Pine has been used since as early as 1200 AD. It is widely used as animal feed and also in the construction industry. It has been used for building for hundreds of years. The bark of the pine has been used to make leather for leather goods in the Mediterranean. This is how we know this wood has been used by humans. Its use in this fashion can not be considered modern as it is only used in this way now. There are people who are claiming that this wood was used at the “Hinterland”. This area of Germany was a mountainous and mountainous area for thousands of years after the Roman people moved to the region during the early Roman period. It was only later that a new culture started to take place. A culture similar to that of the Roman ones emerged there. The early Romans took advantage of the abundant supplies of pine. There were abundant supply of pine in Europe before the Roman invasion which may possibly explain the large numbers of pine trees that were uprooted from the trees that were uprooted in Europe. However, the claim still cannot be valid for the claim that this wood is a modern wood. However, there is no record that this wood was used to make modern wood. As the time goes on, we do not get the ancient forests that were previously there. Therefore, this wood is really ancient. The people of Asia did not build their cities or their temples on old pine trees. Therefore, this wood is not considered as a wood from ancient Europe. It is interesting to note that the people of North America in their time used the same wood that was used in Europe for hundreds of years. This is a natural history that does not have anything to do with the myth that the Ancient Greeks created the myth of Ancient Germanic people.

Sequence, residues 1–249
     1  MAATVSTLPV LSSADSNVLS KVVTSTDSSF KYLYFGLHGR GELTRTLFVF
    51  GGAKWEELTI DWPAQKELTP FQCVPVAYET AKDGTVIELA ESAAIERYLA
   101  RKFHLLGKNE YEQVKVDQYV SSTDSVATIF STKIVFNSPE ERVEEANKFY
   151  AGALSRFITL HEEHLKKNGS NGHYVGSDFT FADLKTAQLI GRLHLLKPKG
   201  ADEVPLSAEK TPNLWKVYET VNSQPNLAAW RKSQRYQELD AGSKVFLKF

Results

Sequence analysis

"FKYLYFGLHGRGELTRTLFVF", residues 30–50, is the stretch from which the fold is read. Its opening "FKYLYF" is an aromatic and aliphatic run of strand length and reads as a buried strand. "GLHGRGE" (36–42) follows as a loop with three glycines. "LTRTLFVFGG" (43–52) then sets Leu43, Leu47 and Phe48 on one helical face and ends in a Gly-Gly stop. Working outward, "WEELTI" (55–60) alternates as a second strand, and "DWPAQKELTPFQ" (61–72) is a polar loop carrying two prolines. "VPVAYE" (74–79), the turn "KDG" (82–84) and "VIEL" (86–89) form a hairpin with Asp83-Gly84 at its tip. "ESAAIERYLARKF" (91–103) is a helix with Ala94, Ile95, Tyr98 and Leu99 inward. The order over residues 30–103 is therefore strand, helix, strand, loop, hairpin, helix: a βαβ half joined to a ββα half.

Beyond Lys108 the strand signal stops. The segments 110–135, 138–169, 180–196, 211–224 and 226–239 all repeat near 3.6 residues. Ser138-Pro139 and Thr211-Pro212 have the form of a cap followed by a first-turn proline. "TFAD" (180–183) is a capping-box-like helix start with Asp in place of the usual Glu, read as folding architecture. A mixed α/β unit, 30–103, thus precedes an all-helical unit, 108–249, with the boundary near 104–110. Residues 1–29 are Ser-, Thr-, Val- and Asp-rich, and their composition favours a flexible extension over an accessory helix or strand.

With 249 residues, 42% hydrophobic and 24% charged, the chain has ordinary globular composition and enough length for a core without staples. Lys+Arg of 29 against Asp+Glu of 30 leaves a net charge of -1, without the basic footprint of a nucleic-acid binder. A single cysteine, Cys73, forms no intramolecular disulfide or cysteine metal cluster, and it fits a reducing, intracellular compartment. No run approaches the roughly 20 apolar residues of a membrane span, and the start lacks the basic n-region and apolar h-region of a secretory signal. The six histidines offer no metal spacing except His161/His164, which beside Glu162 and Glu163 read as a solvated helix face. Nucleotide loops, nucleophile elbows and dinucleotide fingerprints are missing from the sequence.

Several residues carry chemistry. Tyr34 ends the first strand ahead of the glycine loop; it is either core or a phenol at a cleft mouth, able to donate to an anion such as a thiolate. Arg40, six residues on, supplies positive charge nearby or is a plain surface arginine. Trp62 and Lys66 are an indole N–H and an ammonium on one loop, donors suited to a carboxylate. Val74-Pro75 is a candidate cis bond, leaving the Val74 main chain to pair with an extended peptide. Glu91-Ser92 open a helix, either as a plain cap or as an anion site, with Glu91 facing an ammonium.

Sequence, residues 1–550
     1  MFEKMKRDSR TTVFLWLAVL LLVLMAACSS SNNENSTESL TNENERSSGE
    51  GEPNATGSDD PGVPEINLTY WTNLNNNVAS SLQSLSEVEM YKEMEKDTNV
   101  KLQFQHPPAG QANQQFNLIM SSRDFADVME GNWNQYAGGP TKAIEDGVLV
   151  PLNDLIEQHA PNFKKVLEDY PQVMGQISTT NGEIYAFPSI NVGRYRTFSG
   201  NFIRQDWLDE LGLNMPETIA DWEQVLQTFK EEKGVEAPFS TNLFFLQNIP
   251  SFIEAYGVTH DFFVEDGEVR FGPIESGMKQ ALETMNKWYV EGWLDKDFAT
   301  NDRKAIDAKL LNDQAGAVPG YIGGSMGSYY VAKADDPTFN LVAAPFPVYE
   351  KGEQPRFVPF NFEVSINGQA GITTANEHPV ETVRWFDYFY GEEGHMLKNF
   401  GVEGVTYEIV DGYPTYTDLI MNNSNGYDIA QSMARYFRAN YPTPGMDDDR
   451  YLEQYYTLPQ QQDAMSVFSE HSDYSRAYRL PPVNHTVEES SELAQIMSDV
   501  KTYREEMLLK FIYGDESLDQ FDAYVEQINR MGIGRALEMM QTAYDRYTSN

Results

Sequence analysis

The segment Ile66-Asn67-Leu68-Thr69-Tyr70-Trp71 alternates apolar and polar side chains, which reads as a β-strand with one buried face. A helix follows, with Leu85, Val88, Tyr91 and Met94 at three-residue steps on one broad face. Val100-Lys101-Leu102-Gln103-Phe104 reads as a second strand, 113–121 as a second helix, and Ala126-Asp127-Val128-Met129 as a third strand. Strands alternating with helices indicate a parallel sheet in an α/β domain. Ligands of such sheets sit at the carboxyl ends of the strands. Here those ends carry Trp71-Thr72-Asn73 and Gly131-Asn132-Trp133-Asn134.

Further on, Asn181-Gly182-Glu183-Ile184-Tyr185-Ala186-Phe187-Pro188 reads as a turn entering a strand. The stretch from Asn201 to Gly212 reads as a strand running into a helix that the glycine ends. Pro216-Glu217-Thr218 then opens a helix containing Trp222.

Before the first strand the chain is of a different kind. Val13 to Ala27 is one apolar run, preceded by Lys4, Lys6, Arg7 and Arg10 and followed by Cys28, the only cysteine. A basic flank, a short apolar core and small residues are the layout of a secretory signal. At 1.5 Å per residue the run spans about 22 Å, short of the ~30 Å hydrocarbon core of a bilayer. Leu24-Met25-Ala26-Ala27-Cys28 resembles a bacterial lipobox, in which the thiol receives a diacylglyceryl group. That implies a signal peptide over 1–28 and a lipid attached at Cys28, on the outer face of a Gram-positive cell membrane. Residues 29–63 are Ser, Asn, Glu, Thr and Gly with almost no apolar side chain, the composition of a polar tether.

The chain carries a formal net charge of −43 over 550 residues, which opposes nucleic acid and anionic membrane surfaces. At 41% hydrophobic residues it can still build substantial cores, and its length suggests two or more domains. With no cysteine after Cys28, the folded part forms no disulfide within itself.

Wikipedia. (2016, February 5). Ancient History Source. Retrieved February 4, 2016, from http://en.wikipedia.org/wiki/Ancient_Germanic_people.
Hutchins, W.A., (1989). Ancient Wood: A Sourcebook of Wood-working Techniques. New York: Garland.
Petersen, C., & Baeckman, K. (1992). “History of Europe in the Stone Age” in Handbook of Europe and the Ancient Near East, Vol. I A Sourcebook of Woodwork. Philadelphia: Temple University Press.
Tannenbaum, C. (1990). “The Use of Stone Tools in East Europe,” in Handbook of Europe and the Ancient Near East, Vol
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